I found it the first time when I was fifteen, in a boy two years older than me, whose father was the pastor at St. Michael’s. I remember his shiny porcelain skin, dotted with acne that made him so self-conscious in a way that I thought was mildly adorable; the one dimple that formed on his left cheek when he gave me that awkward half-smile; the little blonde hairs that ran down the back of his spine. But my favorite part about him was the way that his eyes closed, and the full-smile that came across his lips when I touched him. Seeing that smile was the first time in my whole life that I felt completely perfect. A single moment of perfect.
I remember when his father discovered us fooling around in the church confessional. I was fifteen, and all my mother could say was, “Wow, you went to church?” My parents were “equal-opportunistic-agnostics,” or so they called themselves, having sparsely attended irregular services at temples, cathedrals, and mosques alike. They simply couldn’t decide on what religion to claim was theirs. They treated spirituality like it was a walk down the Boulevard- a window-shopping experience.
The boy’s father, or rather the Father, was disgusted at the sight of two young men engaging in such acts, and in the house of God no less.
“You are a travesty of nature!” he screamed at me, pronouncing me a succubus that had defiled the sanctity of his son’s immortal soul. I tried to tell him that the succubi were female and that therefore, I was an incubus. But I guess he didn’t find the humor in it that I had because he had the entire congregation chasing me out of there with nothing short of torches and pitchforks. He had ruined my first perfect moment, and a part of me hated him for it. But mostly I felt afraid for the boy, who came into school the following Monday covered in bruises. He told Mr. Rhatt, our United States History teacher, that he had gotten into a fist-fight with a couple of other kids.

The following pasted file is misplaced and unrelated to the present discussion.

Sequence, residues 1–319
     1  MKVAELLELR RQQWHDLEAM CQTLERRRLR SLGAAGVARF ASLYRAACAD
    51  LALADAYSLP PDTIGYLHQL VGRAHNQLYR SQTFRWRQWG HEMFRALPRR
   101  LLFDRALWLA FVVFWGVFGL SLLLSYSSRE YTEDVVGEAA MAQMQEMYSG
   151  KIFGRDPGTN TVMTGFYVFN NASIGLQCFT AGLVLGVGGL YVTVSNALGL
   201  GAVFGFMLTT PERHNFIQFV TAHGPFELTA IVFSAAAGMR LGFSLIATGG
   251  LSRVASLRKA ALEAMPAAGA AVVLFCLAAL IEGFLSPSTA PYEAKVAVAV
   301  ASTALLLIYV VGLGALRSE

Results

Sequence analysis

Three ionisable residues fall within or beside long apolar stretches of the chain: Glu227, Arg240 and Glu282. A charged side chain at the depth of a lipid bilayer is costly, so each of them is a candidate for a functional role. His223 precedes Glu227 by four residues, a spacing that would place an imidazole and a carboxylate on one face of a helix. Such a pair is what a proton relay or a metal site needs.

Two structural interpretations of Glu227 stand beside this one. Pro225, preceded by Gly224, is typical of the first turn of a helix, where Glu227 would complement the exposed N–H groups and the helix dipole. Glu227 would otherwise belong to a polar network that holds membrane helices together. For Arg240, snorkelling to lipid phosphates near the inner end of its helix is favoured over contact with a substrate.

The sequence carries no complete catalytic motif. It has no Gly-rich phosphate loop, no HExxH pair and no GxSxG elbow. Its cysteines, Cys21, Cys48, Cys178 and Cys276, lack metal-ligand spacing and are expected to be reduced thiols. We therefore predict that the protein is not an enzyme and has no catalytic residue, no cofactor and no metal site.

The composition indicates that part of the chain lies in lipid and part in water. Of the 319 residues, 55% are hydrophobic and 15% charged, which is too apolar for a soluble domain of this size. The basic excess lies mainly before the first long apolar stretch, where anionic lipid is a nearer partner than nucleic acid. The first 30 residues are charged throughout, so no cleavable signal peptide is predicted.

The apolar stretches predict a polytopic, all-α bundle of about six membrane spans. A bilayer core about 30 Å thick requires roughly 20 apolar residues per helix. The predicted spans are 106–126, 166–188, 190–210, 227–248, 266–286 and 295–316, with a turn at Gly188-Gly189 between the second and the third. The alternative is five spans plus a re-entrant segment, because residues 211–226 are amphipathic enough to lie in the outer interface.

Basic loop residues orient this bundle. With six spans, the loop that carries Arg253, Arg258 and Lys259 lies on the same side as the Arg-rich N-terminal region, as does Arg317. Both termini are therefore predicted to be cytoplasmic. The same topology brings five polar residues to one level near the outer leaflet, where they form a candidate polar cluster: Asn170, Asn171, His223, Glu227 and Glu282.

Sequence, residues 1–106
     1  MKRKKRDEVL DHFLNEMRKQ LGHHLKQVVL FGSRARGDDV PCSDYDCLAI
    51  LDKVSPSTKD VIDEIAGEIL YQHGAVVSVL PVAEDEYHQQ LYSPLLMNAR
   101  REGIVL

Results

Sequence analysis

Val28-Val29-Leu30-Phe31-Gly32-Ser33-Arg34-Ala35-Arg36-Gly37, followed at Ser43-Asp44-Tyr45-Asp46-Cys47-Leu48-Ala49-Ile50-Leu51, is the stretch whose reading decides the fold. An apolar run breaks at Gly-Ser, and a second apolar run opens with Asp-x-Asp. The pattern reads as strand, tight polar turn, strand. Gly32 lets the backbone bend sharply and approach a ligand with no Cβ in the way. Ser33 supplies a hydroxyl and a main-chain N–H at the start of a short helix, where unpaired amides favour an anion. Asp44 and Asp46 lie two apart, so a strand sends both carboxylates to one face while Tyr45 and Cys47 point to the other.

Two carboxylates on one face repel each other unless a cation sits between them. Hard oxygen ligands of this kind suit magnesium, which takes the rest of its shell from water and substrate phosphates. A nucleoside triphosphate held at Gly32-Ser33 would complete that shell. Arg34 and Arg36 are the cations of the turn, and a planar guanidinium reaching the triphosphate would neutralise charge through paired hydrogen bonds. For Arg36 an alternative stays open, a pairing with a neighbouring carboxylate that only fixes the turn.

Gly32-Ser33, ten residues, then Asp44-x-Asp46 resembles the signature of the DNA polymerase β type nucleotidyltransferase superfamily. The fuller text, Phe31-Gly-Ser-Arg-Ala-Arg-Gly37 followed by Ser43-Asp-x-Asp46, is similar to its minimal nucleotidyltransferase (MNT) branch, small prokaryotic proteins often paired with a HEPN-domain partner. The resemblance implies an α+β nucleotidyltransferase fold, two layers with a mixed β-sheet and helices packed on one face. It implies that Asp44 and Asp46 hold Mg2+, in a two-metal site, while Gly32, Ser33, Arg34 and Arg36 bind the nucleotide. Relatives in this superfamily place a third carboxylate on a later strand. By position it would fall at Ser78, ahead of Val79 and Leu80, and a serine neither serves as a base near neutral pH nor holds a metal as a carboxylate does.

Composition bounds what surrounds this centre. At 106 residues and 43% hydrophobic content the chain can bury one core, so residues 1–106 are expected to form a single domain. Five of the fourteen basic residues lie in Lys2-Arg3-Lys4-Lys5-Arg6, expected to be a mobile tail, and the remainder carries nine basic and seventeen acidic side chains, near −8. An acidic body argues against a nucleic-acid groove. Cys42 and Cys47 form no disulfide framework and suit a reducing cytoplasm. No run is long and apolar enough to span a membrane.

“You should see what they look like.” He was a bad liar, and yet somehow, nobody managed to see through it. But I knew differently. I knew that his father was a snake, much like my own, hiding behind the pretense of his profession. I knew that like so many other young men in our precarious positions, he had become a tragic victim of both God and society.
And the following Tuesday he put a bullet between his eyes. I don’t think I’ve ever cried so hard in my entire life. After his funeral, I never went back to church, not even for my brother’s.